During our latest November vacation to Europe our longest stay was in Brussels — 4 nights and almost 5 days since the ride from Paris takes only 1 hour. Our 10th wedding anniversary — November 23rd — also happened to fall on that stay in Brussels.
The reason why we made the stay in Brussels longer than in other cities and to make our anniversary stand out more we planned to take a side trip to a pair of old Belgium cities — Bruges and Ghent.
As with all our side-trips there was a slight fear that we might flake out and not make it as happens with about half of our planned trips of such kind. In our overseas vacations we managed to keep our trip to Miyajima Island in Japan and we rented a car for a day to drive to Pisa in Italy. Yet we didn’t make it to Neuschwanstein Castle in Germany nor did we visit Toledo while in Spain. Luckily us skipping out wasn’t the case here.
What made this trip especially easy was the fact that trains running to Bruges and Ghent originate from Brussels Central Station which was located right across a tiny square from the entrance to our hotel — extremely convenient.
I did a little bit of research beforehand and knew that we could buy an open “via” ticket — no specific time — which would allow us to break our trip in two on the same ticket. In other words we could go to Bruges, get off at Ghent on our way back if we felt like it and get back on the train to finish the trip off. And this whole privilege ended up costing us only a couple of extra euros.
We were definitely set on seeing Bruges which was the farthest of the two cities and it also was older than Ghent. I wasn’t sure if we were going to stop at Ghent at all and neither was Alёna. So we got on a train and in a little more than an hour were standing at Bruges train station.
The unfortunate thing for us was that it was the only day of our whole vacation when it was really raining. When we left Brussels in the morning it seemed like it would be a nice day, bus alas, it wasn’t. In fact it was raining to hard that we had to find a store to acquire a pair of umbrellas. But overall walking through an old town and it’s narrow empty streets and rain soaked alleys ended up being quite romantic.
When we got closer to the center we stepped inside Sint-Salvator Cathedral for a couple of minutes, but it was pretty bleak inside compared to some of the other cathedrals we have seen in Europe. And soon after we were on the central square of Bruges which had a good number of tourists all over it. However the rain was still strong, so we didn’t walk around too much.
Instead we decided to climb to the top of Belfry of Bruges. It’s 83 meters tall and it takes 366 steps to get to the top. But the views from the top were magnificent, as expected, including the main squire right below. I also spotted some waterfront from the top to which we walked to and took some nice shots. It seems that it actually is a pretty popular place for photography.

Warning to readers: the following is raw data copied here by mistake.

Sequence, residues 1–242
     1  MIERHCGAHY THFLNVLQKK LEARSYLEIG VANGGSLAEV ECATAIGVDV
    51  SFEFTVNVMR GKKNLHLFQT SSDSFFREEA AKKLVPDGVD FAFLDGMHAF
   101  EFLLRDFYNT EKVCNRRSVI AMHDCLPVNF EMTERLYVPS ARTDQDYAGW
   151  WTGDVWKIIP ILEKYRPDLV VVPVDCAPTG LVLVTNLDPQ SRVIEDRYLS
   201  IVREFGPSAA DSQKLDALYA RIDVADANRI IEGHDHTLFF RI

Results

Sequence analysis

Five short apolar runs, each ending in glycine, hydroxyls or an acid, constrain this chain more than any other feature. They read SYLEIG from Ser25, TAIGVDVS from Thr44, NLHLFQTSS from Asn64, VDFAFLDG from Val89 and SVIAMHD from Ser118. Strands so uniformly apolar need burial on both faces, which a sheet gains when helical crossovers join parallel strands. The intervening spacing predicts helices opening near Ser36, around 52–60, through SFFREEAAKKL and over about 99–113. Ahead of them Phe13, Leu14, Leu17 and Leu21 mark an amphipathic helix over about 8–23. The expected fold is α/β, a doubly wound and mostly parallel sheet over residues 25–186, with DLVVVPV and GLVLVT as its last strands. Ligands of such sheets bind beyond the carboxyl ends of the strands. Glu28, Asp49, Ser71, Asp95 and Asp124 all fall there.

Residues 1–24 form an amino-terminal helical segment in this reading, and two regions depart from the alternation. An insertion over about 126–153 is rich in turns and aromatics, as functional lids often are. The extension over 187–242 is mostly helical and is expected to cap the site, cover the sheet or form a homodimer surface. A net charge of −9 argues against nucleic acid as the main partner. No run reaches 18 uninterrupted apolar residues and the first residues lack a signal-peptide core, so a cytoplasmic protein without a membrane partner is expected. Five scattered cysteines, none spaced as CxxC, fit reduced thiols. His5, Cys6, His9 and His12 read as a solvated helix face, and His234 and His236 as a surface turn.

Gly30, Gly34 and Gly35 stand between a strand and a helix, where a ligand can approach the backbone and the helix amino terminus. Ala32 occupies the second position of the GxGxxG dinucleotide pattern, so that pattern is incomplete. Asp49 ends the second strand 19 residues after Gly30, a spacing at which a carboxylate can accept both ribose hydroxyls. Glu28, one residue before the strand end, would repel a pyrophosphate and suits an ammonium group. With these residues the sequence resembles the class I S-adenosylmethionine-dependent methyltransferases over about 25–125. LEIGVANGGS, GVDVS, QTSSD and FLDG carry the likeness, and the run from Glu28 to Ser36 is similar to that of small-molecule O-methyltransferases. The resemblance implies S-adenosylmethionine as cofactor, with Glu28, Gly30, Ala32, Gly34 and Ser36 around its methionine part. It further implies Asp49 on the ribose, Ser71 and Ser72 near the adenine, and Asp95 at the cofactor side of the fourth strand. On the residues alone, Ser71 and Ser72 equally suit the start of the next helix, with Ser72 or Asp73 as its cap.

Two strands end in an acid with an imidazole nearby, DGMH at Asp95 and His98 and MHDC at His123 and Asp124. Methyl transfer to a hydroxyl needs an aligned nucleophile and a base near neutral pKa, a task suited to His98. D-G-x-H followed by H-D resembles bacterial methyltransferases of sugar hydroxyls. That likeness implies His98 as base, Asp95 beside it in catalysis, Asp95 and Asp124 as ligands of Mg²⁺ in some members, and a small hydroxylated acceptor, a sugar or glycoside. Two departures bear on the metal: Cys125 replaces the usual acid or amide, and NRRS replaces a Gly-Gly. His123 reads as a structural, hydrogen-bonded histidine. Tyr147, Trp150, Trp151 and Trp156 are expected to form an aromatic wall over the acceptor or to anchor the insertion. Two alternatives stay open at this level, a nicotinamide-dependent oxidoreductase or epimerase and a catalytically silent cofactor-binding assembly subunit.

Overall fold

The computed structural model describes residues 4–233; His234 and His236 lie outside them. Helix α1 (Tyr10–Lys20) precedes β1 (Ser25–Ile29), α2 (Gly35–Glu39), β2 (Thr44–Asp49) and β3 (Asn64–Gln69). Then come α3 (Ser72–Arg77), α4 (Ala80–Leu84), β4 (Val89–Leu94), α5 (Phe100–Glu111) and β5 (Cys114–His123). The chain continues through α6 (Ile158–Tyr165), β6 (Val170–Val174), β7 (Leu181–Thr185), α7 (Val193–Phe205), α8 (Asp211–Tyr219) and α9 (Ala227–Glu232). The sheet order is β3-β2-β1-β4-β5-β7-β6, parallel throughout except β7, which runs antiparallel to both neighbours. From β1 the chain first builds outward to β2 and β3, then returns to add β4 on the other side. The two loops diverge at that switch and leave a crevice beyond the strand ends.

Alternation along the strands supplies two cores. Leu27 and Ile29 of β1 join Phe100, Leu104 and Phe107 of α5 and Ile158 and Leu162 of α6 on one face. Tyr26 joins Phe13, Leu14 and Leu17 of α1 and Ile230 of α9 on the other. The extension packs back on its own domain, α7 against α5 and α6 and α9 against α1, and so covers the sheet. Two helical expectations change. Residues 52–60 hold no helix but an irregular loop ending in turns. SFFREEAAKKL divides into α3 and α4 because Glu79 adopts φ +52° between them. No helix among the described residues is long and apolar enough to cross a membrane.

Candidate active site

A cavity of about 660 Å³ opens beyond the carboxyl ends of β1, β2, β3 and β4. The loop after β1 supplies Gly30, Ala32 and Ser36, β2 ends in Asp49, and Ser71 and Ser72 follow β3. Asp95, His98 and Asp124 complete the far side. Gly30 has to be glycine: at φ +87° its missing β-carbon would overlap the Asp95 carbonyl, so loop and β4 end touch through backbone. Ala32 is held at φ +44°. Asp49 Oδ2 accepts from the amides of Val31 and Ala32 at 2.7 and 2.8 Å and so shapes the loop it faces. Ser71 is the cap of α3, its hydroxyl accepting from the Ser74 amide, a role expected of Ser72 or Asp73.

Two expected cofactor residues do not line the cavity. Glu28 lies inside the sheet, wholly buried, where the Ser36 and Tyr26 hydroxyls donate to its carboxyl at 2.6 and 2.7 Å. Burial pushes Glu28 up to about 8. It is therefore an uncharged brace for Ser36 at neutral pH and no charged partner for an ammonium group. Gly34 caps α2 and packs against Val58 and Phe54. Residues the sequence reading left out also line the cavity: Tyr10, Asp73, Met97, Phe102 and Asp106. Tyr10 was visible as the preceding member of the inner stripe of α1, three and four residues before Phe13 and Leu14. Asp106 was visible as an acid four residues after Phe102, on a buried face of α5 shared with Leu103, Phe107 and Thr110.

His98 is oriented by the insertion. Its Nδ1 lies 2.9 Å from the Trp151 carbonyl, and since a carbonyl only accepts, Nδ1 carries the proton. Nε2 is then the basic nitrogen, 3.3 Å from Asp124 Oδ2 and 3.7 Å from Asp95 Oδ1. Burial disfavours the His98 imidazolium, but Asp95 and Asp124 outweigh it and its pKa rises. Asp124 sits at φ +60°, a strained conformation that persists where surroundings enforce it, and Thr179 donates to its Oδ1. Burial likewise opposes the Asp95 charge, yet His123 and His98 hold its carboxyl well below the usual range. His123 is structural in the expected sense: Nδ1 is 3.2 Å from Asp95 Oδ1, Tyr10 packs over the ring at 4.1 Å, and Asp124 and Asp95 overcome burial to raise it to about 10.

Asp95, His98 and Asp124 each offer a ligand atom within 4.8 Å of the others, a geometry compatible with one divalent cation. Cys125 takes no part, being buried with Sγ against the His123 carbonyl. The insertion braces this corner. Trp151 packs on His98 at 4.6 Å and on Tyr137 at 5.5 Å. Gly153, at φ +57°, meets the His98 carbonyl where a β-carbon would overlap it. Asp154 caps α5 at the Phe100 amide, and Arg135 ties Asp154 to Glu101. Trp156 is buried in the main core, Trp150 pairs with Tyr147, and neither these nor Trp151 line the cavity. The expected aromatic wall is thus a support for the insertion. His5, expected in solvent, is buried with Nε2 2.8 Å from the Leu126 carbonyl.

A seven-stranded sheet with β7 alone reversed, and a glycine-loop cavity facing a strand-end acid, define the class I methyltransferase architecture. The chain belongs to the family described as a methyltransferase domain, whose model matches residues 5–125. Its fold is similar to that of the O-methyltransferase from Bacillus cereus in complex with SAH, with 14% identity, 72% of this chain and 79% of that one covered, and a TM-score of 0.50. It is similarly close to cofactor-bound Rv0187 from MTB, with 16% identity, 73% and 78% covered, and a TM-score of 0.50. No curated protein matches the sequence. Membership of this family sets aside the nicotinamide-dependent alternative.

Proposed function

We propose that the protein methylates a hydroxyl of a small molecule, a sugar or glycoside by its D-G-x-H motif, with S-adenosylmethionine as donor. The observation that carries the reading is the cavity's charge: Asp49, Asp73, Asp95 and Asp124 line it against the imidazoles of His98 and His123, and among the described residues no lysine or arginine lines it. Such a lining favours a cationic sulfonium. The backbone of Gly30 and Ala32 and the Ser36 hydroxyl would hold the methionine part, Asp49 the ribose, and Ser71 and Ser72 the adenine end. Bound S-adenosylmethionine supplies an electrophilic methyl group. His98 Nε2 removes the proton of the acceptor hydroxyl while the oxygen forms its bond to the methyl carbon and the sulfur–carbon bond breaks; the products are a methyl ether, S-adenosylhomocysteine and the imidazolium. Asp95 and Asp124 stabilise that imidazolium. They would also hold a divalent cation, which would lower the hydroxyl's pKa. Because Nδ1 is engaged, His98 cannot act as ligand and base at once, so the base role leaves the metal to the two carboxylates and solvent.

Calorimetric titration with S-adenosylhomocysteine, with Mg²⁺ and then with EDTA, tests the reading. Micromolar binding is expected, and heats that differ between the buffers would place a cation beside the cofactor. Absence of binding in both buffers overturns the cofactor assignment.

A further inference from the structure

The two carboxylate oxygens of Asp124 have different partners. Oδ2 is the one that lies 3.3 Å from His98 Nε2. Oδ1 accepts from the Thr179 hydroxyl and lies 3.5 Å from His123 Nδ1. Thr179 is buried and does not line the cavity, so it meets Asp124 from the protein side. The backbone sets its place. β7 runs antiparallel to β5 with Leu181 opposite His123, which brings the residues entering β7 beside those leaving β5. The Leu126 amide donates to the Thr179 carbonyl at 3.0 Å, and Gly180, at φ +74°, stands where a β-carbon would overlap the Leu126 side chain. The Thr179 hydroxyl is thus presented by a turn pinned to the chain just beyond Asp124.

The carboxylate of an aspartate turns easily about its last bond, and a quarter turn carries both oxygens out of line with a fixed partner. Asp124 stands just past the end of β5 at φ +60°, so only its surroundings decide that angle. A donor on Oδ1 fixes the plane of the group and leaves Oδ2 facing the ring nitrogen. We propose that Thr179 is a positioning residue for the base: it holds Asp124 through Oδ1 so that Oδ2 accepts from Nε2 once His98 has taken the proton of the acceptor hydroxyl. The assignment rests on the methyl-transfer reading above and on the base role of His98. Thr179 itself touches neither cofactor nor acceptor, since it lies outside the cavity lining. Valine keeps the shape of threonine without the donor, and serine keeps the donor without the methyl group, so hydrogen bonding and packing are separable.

After the tower we ate lunch at some Italian place and then the rain was done. So we did walk through those streets and numerous and numerous chocolateries.
I’m not a fan of any sweets, but we bought Alёna a waffle on a stick and bought a pair of artisan chocolate bars for our kids — white chocolate for Arosha as he doesn’t like dark chocolate and dark for Anюta. I also liked how chocolate looked when it was made in a form of rusty nuts, bolts and pliers of all kinds.
That was our visit to Bruges. We started to walk back to the train station trying to take a different route through more old quite streets. And at some point we just stood on one of those tiny streets making out — it was our 10th anniversary after all.
We got on a train to Brussels feeling ready to go back to our hotel. But then we though — why are we so set on skipping Ghent? It was only around 5pm and we had a ton of time to stop by there as well. Both of us felt kind of happy that suddenly decided to visit it — again, not sure why both of us were sure that we won’t make it to Ghent.
We checkout out the map and went towards the old center of the city. It took us about 40 minutes at a decent pace to get there. We went though the usual streets of Ghent, looking at people going about their business, returning home from their day of work. When we were getting closer to the center the sun was gone, the streets got tinier and lights from all the trams running along those streets made everything look really cozy.
We walked around the main squire taking some pictures of Saint Nicholas’ Church and Het Belfort van Gent set against a dark blue sky. Sadly by now it was too late for us to climb the tower. We spent some time admiring the old structures and all the atmosphere of this place and set back to the train station.
We also saw that there was a ton of trams running all around the city and it turned one of those runs directly back to the train station. So we hopped onto it, bought the tickets from the driver and were back on a train station soon after. Catching a train to Brussels was also very easy and soon we were back at our home away from home. We were so tired that we just went to our executive lounge for a free dinner. It was a good day.